clock-doodle

Prague’s Astronomical Clock makes Google’s front page

in Culture by

A Google Doodle of the 605 year old clock can be seen in much of the world

Many days, search engine company Google highlights a special anniversary, person or event on its front page

Today, a graphic of the Orloj, the Astronomical Clock in Old Town Square, is on the main search page, with one letter o in Google depicted by the clock’s main face.

The reason is that Oct. 9 is the 605th anniversary of the clock, which was finished in 1410.

The clock was badly damaged by German soldiers at the end of World War II, but has been restored.

In daytime hours, a procession of saints appears every hour on the hour in windows that open above the clock face.

Reading the clock is quite difficult, but it shows the position of the sun and moon in the zodiac and gives time in a number of formats including Old Bohemian Time.

A wheel underneath turns one every year and shows the first names that are celebrated each day.

“Check out the Prague Astronomical Clock on Google Street View, from both the outside and the inside (and try taking the stairs!),” the search engine giant said on its page dedicated to archiving doodles.

“The hands of Prague’s astronomical clock have measured a staggering amount of history. It predates Shakespeare by over a century, and had been operational for two years by the time Joan of Arc was born. Despite over a half a millennium of wear and a brush with disaster in WWII, much of its original machinery remains intact, making it the oldest functioning clock of its kind in the world. Today’s Doodle honors a magnificent achievement in medieval engineering and a cultural landmark whose symbolism, design, and intermittent repairs are a remarkable catalogue of Europe’s past,” the description concluded.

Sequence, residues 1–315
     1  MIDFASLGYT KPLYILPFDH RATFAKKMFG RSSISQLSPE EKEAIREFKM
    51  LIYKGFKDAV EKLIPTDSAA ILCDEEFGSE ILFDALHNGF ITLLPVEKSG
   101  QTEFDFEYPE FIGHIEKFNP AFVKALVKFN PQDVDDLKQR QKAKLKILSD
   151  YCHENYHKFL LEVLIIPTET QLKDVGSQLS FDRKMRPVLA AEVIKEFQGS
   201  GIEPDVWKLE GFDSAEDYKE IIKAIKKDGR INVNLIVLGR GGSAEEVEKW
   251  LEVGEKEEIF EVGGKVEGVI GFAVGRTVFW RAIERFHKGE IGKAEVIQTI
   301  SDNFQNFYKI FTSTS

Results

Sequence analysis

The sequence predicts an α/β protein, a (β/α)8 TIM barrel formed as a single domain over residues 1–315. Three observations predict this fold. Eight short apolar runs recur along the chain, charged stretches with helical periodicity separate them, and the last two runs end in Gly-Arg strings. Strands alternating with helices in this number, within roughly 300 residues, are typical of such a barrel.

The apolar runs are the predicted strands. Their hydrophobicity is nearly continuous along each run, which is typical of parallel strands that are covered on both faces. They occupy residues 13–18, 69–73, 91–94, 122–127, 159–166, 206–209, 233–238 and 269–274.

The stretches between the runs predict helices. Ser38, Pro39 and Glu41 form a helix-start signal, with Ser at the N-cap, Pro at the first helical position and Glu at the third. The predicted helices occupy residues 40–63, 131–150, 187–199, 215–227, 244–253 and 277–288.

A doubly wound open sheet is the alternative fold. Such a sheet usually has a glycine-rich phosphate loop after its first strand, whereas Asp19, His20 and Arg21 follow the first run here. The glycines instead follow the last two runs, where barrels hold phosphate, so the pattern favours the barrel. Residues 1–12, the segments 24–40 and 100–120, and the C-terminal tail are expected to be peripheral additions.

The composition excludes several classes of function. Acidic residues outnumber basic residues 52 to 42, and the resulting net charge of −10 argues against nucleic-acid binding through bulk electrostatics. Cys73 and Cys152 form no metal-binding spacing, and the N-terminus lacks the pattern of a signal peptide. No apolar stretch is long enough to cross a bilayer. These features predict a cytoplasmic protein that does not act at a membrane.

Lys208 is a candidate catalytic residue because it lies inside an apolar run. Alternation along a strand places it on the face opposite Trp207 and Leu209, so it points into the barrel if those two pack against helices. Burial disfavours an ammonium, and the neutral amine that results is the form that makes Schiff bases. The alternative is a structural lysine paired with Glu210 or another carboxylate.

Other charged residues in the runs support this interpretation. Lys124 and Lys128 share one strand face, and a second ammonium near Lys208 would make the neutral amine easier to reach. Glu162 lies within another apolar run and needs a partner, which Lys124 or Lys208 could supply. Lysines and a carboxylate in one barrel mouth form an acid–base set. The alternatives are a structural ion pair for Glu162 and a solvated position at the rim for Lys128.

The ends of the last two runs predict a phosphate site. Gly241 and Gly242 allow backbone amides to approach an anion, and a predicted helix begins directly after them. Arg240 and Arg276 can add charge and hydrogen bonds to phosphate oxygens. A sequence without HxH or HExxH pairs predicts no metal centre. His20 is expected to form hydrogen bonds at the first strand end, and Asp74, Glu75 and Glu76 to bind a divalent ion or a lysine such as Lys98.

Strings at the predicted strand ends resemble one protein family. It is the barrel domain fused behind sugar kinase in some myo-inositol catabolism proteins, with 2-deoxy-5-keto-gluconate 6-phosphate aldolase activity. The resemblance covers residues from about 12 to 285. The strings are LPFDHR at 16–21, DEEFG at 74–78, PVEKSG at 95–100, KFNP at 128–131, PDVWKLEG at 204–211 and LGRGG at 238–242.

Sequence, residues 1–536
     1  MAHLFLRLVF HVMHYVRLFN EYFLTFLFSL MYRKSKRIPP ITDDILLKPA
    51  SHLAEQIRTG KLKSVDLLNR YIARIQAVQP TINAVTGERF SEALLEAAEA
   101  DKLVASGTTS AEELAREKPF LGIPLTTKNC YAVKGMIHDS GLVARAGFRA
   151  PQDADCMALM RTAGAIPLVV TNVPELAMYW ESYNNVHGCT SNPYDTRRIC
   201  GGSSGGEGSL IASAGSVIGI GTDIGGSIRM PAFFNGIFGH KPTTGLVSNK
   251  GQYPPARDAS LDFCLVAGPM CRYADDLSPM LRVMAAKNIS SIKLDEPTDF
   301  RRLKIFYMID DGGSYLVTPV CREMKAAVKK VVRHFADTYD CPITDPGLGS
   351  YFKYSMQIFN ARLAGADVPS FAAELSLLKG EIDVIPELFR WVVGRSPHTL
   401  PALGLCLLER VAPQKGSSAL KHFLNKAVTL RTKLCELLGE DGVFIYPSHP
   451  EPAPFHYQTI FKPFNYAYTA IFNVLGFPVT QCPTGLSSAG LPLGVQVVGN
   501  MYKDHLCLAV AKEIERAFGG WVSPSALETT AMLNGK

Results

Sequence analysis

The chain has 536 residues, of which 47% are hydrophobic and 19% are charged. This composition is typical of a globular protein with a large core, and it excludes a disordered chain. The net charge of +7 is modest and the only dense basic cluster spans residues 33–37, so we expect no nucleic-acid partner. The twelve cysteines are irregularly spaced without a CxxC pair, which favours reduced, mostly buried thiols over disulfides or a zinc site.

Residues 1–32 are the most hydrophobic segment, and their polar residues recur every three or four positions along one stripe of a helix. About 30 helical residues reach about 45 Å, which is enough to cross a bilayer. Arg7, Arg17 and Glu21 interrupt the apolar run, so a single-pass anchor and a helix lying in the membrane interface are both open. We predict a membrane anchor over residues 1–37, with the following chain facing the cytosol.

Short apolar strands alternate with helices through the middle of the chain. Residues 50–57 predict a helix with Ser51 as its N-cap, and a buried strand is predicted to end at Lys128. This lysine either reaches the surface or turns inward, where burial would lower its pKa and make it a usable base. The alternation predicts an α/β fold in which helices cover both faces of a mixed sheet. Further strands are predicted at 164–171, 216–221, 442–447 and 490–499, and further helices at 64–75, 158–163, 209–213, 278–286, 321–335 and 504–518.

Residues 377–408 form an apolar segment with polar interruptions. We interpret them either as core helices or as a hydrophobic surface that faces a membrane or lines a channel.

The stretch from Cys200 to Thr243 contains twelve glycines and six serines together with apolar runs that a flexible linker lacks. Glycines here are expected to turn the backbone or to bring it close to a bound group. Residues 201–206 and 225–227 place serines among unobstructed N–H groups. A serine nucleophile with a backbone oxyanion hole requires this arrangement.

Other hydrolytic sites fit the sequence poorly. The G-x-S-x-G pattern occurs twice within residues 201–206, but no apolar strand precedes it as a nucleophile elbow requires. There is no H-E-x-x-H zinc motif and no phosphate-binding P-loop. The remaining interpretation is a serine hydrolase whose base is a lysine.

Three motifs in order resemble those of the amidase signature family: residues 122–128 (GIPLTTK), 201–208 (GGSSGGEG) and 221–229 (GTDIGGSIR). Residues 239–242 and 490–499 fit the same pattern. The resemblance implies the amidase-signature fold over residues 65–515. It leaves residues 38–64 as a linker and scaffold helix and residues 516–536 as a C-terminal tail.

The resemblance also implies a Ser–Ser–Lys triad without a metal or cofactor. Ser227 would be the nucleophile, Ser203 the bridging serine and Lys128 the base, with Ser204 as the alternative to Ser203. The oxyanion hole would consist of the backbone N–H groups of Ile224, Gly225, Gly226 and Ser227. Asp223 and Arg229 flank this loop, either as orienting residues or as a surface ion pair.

The doodle can be seen in much of Europe and Latin America plus Australia, Japan and parts of Southeast Asia and Africa.

clock-reach

This isn’t the first time that Google made a special doodle for the Czech Republic.

Illustrator Zdeněk Burian got a picture of a dinosaur to mark his 110th birthday on Feb. 11, 2015. He was born Feb. 11, 1905, in Kopřivnice in northern Moravia and died in Prague on July 1, 1981.

His work played a central role in the development of paleontological reconstruction.

To mark the 25th anniversary of the Velvet Revolution, the search engine firm posted an image Nov. 17, 2014, of the name Google on a white-red-and blue banner with an upheld hand shaking keys. The image was only on home pages in the Czech Republic and Slovakia.

One for the elections on Jan. 11, 2013, was only seen in the Czech Republic, and Prague got a fanciful map doodle Feb. 12, 2014, for 230 years as a capital city.

Some notable Czech figures were honored in 2011. Artist Josef Lada was marked on his 124th birthday Dec. 17, 2011, and fellow artist Václav Čtvrtek on his centenary on April 24, 2011.

One Czech figure did have a reach almost across the world. Gregor Mendel, the Brno-based scientist and monk who came up with genetic theory, was honored on July 20, 2011, on his 189th birthday with a doodle made out of pea pods.

Slovakia got a special mention Jan. 1, 2009 when it adopted the euro.

The first special doodle was in 1998 for the Burning Man festival. Two years later, the company asked an intern, Dennis Hwang, to make one for France’s Bastille Day holiday. It was well received and started a tradition of making special logos for notable events, and a team now brainstorms ideas and makes designs. More than 2,000 have been used worldwide. The general public can suggest ideas, but the company says it receives hundreds of ideas each day, so the odds aren’t good.

 

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